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PHP: Preventing X-PHP-Script Exposure of Variables

Not so long ago a patch was added to the PHP source code that, when mail is sent using the mail() function, has the effect of exposing both the script address on the server and the IP address of the remote user (the person submitting a contact form that sends email for example).

The logic behind this is clear. So many open source PHP applications have security holes allowing emails to be sent that it became necessary to find a way to identify the source. Before this patch it was not possible for the average user to do so, and certainly not for the recipient of spam sent using those techniques.

The problem is that, without much fanfare, many sites that are otherwise secure are having information about their technology and directory structure (the path to scripts in protected areas) and private IP addresses (the home of office IP address of the user) exposed every time a script is used that sends emails from the server.

A Simple Solution

Suggested solutions for those who don't want the X-PHP-Script mail headers to appear range from self-editing the patch to change the behaviour, to avoiding use of the PHP mail() function altogether. Not entirely useful.

Examining the patch contents shows a simpler solution. It seems it's relying on PHP $_SERVER variables to add a mail header in the following format to outgoing emails:

X-PHP-Script: <server_name><php_self> for [<forwarded_for>,]<remote-addr>

So what could be simpler than overwriting those variables before the mail() function is called, and then restoring them afterwards. If you already use a wrapper for sending mail then this is a once-off change. Otherwise, if you call the mail() function directory from your scripts, you'll have to modify each instance.

For our purposes it was sufficient to display just the homepage address (/) in place of the full path to the script (PHP_SELF) and to replace the users IP address (REMOTE_ADDR) with our own (SERVER_ADDR):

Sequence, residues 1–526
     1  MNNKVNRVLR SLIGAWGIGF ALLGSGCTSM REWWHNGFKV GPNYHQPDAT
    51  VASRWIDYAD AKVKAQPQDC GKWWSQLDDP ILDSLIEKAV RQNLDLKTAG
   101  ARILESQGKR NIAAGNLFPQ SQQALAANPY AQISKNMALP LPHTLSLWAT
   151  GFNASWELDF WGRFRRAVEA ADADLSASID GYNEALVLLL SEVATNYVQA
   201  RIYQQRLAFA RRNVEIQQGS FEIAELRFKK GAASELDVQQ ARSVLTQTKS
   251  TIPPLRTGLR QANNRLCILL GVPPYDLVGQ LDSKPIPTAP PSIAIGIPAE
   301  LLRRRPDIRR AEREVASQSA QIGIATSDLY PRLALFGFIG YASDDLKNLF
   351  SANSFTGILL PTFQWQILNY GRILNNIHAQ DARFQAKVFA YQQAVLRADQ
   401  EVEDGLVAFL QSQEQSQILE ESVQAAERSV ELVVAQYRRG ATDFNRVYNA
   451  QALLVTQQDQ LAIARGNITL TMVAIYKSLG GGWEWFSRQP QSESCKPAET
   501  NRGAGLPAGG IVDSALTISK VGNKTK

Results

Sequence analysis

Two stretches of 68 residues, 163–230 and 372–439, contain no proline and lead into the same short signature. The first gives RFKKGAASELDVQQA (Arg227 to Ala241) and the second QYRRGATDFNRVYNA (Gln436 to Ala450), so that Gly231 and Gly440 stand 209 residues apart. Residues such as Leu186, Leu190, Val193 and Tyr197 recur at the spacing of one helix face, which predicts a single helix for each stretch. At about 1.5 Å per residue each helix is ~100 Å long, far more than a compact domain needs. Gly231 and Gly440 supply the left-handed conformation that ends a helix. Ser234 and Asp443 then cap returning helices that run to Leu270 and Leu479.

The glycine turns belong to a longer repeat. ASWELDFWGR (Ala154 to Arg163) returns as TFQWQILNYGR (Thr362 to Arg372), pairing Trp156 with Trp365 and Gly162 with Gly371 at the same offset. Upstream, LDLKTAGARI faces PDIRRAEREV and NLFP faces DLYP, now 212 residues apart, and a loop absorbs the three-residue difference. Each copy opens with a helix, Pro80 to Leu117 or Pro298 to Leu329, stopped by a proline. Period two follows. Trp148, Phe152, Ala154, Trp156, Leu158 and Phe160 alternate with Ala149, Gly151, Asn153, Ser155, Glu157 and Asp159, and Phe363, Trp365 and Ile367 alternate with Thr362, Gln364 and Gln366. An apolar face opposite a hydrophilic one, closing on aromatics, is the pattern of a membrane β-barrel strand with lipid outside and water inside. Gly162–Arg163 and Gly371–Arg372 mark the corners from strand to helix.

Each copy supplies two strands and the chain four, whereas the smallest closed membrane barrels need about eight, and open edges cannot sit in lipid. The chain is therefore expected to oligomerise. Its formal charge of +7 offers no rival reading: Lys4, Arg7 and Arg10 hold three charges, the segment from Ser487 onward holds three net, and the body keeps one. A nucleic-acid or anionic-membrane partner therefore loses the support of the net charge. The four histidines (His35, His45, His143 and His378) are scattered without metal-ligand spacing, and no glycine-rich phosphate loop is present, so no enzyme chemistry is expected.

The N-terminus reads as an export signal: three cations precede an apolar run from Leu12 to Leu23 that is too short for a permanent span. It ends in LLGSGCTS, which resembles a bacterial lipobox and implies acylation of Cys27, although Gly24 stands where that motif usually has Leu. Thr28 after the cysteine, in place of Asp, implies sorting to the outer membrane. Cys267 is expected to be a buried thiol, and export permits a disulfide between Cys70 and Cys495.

<?PHP // prevent user/script details being exposed in X-PHP-Script header $oldphpself = $_SERVER['PHP_SELF']; $oldremoteaddr = $_SERVER['REMOTE_ADDR']; $_SERVER['PHP_SELF'] = "/"; $_SERVER['REMOTE_ADDR'] = $_SERVER['SERVER_ADDR']; // send the email mail($to, $subject, $message[, $additional_headers[, $additional_parameters]]) // restore obfuscated server variables $_SERVER['PHP_SELF'] = $oldphpself; $_SERVER['REMOTE_ADDR'] = $oldremoteaddr; ?>

You can also disable the patch entirely by using unset() on one or more of the relevant $_SERVER variables.

You might also consider writing your own wrapper for the mail function that gives you the option of disabling X-PHP-Script for protected scripts, but allowing the default behaviour for public forms. That is beyond the scope of this article.

Comments and feedback are welcome as always through our Feedback link below.

References

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User Comments and Notes

30 November, 2011

In my case the site was hosted in a cloud environment and even though I replaced the (REMOTE_ADDR) with the (SERVER_ADDR), the X-PHP-Script still additionally showed the users IP address (my own).

I got around this by placing the following code before the php mail function:

if(isset($_SERVER['HTTP_X_FORWARDED_FOR']) && !empty($_SERVER['HTTP_X_FORWARDED_FOR'])){
$oldremote_fwd_addr = $_SERVER['HTTP_X_FORWARDED_FOR'];
$_SERVER['HTTP_X_FORWARDED_FOR'] = $_SERVER['REMOTE_ADDR'];
}

and then after the mail result, I did the following:

if(isset($_SERVER['HTTP_X_FORWARDED_FOR']) && !empty($_SERVER['HTTP_X_FORWARDED_FOR'])){
$_SERVER['HTTP_X_FORWARDED_FOR'] = $oldremote_fwd_addr;
unset($oldremote_fwd_addr);
}

You may have other $_SERVER variables depending on your environment.

Hope this helps someone else!

2 September, 2010

Oh! Great! It works;
You can change <server_name> by this code:
$_SERVER['SERVER_NAME'] = "your server";

29 January, 2010

Perfect! Searched all over to find this info. Thank you.

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